Indian Billy’s weather forecast

Six more weeks of winter? Magical Native American trope?

These little Chinuk Wawa finds make for nice teaching lessons!

A neat quotation in odd spellings (a good sign of authenticity) from The Daily Morning Astorian (Astoria, OR), February 8, 1890, page 3:

Indian Billys forecast 1

A reporter of the Pasco [WA] Pilot, in a spirit of recklessness, recently interviewed Indian “Billy” [1] and became the possessor of. the following horrible facts:

“Nika tumtum alka highyou snow charko. Spose nika cuitan wake [2]
náyka tə́mtəm áɬqi háyú snú cháku. pus nayka kʰíyutən wík
I think FUTURE much snow come. If my horse not 

‘I think a lot of snow is going to come. If my horse doesn’t’

mimmaloose nika klatawa copa Moses
mímlus náyka ɬátwa kʰapa Moses
die I go to Moses 

‘die, I’m heading for the Moses…’

Indian Billys forecast 2
illahee copa caw [3] hiyou tipso [4]. Clonas nika halo kelipi. Nica tumtum
íliʔi kʰapa qʰá háyú típsu. t’ɬúnas náyka hílu k’ílapay. náyka tə́mtəm
country at where much grass. Maybe I not return. I think
‘…country, (someplace) where there’s plenty of grass. I might not come back. I think’

tenas laly [5] halo tipso yakwa copa [6] nika cuitan.”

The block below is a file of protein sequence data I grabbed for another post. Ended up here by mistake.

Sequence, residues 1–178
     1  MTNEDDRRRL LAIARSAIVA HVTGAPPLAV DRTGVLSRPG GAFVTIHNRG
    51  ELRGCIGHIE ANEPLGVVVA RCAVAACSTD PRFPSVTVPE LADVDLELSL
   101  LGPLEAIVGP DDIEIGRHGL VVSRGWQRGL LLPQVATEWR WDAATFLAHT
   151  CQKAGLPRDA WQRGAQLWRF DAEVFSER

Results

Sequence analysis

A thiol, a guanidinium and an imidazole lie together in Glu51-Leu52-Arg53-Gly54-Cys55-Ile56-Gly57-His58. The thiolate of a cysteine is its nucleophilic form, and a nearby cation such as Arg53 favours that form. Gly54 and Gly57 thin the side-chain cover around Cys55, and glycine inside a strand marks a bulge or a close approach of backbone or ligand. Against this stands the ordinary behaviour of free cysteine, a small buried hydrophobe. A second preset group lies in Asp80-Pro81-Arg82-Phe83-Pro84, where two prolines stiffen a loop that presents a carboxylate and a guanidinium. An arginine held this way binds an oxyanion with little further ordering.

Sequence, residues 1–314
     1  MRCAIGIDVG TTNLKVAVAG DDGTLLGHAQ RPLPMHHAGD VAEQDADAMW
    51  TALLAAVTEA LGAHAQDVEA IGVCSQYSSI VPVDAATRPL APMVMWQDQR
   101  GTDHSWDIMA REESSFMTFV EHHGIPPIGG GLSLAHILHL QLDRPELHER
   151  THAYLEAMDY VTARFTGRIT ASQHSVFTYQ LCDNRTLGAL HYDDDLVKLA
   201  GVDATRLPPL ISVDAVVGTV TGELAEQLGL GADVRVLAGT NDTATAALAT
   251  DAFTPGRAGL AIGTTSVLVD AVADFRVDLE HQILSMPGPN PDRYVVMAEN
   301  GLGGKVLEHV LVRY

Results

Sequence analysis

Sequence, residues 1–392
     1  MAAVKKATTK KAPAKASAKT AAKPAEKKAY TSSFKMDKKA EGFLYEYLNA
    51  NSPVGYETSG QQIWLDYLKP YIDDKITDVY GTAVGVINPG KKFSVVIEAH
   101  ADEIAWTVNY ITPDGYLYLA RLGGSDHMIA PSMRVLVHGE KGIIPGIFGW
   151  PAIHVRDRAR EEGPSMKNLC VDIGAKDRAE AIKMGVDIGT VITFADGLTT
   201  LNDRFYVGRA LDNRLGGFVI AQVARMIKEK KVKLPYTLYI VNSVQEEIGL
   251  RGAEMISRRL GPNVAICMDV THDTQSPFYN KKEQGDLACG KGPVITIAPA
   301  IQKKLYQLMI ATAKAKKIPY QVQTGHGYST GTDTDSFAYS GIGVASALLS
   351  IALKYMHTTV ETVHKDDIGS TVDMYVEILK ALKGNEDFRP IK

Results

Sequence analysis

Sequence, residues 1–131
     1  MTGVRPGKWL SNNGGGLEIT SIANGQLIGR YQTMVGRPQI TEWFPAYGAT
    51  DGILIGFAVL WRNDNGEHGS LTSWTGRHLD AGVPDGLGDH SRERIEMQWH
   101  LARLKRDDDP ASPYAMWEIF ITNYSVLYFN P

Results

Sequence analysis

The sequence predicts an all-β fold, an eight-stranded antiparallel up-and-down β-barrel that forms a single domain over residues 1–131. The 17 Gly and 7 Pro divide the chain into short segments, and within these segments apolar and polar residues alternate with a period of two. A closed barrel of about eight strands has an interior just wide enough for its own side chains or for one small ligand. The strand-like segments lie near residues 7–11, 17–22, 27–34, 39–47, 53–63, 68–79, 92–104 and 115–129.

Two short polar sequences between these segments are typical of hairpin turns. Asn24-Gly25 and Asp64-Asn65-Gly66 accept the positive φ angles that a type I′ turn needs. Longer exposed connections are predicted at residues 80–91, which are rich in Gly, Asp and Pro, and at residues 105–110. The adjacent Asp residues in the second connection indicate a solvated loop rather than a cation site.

tənəs-líli hílu típsu yakwá kʰapa nayka kʰíyutən.
little-timespan no grass here for my horse.
‘pretty soon there’ll be no grass left here for my horse.’


[1] Could Indian Billy be the Warm Springs Wasco leader Billy Chinook (1827-December 9, 1890)?

[2] wake to negate the verb mimmaloose, versus halo below to negate kelipi: I don’t see enough evidence to tell why one or the other word is used. In many dialects, they’re in pretty free variation; in some including around Kamloops, there are strong restrictions.

[3] The relativized copa caw (kʰapa qʰá in Grand Ronde spelling), literally ‘at where’, is a frequent turn of phrase in Plateau dialects of Chinuk Wawa. I see it a heck of a lot around Kamloops, where there’s also kopa iakwa (kʰapa yakwá) ‘over here; around here’.

[4] In hiyou tipso (háyú típsu) ‘there’s plenty of grass’, as well as in the next line’s halo tipso (hílu típsu) ‘there’ll be no grass left’, no verb (“copula”) is spoken to express ‘be’. In usual Grand Ronde creole Chinuk Wawa speech, I’d expect both expressions to end in míɬayt ‘exist, be’. The verbless formulation is another trait that’s typical of pidgin inland (Plateau) Jargon dialects; we saw it yesterday from Heppner, Oregon.

[5] tenas laly (tənəs-líli) ‘pretty soon’: also typically expressed as tənəs-líli pi, literally ‘little-timespan and’.

[6] One more dialect feature is the use of the generic preposition copa to mean ‘for (a noun)’, as opposed to ‘for (a purpose)’, where I’d expect the conjunction spose that Indian Billy has already used above. Grand Ronde creole has pus for the latter, and gives it a broader range of senses including ‘for (a noun)’, as in this example from their dictionary: x̣áwqaɬ na x̣ə́ləl pus ‘náyka ‘I can’t move on my own (literally, for MYSELF)’.